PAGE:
“Booksmart” Review: Grab a Seat

Book Smart

Book Smart

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By my own admittance, I have never been a fan of the teen high school comedies. I feigned a few laughs while my friends reveled in the genius of “The Breakfast Club,” made up excuses when my brothers turned on “Ferris Bueller’s Day Off,” and only made it halfway through “Superbad” before retreating to my room to read a book. When I was in high school, I craved an escape from my daily life: not a reflection of it. Once I finished high school, I wanted to distance myself from it as much as possible. Watching teen movies felt like backpedaling into those messy years.

I steered clear of high school movies until I saw “Booksmart”. I’m glad I broke my oath because the film offers an evolved viewpoint on high school that I haven’t seen in previous renditions. “Booksmart” refuses to cash out on easy humor by playing off of cliché high school stereotypes; rather, it treats its characters as complex human beings who live in an often silly and senseless world. “Booksmart” rocks in part because it shows that teen girls cannot be labeled.

“Booksmart” boasts another rare representation in its protagonists: queerness. The way that Amy ogles skater-girl Ryan, gushes over her cuteness and then stumbles awkwardly when she attempts to actually talk to her are remarkable only in their near identicalness to every other crush in every other teen comedy. “Booksmart” does not seek to glorify queer identity, but rather accepts it as a normal way of being. It is rare to have two female protagonists, let alone queer ones. However, their story is so engaging that as a viewer I was left to wonder why on earth there isn’t more representation.

Molly and Amy defy teen movie clichés again with their bold self-assurance. Whereas many characters in the genre start with diminutive self-worth that builds as through the trials of the film, the “Booksmart” girls know exactly who they are from the get-go. They are staunch feminists—Amy’s car is plastered with “Nasty Woman” and “Elizabeth Warren 2020” bumper stickers; academically gifted—Molly is going to Yale for college and Amy to Columbia; and perhaps most importantly, they are fierce friends. The dynamic that Feldstein and Dever create between the friends is at once silly, playful, and infused with a deep love for one another. When they learn that some of their less dedicated classmates also got into Ivy League schools, they decide to give up their oath of solemnity and party at the end of their senior year. They don’t do it as a gesture of shame or of conformity; they do it to give themselves the best high school experience they possibly can. It is refreshing to see young women who love themselves and make choices out of this self-love.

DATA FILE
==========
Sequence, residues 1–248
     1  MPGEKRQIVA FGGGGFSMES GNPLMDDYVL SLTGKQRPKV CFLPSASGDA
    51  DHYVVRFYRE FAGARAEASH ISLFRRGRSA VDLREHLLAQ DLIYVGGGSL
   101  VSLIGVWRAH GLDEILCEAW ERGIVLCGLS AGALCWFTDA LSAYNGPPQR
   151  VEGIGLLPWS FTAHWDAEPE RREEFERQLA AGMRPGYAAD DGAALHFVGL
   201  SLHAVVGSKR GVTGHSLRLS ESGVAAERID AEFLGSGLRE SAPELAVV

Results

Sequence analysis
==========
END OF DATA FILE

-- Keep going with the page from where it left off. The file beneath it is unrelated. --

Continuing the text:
The film paints Molly and Amy in a kind light, but it does not stop there. “Booksmart” insists on being kind to virtually every single character it introduces. Gigi, the “weird rich girl,” is sweet and maternal to her friend Jared. Jared, the “spoiled rich kid,” struggles to make friends. Many of the “jocks” got into Ivy League schools, and so did “Triple A,” the school’s “slut.” “Booksmart” simply refuses to take people at face value. This may be the most rewarding part of the film—as a lesson for both its protagonists and its audience.

“Booksmart” owes its generosity to its writers— Susanna Fogel, Sarah Haskins, Katherine Silberman, and Emily Halpern—as well as its director, Olivia Wilde. The all-female team proves to be another anomaly in Hollywood. But they do not use their platform to create a “Girls versus boys” mentality. They merely create a world where everyone has a seat at the whimsical, whacky table.

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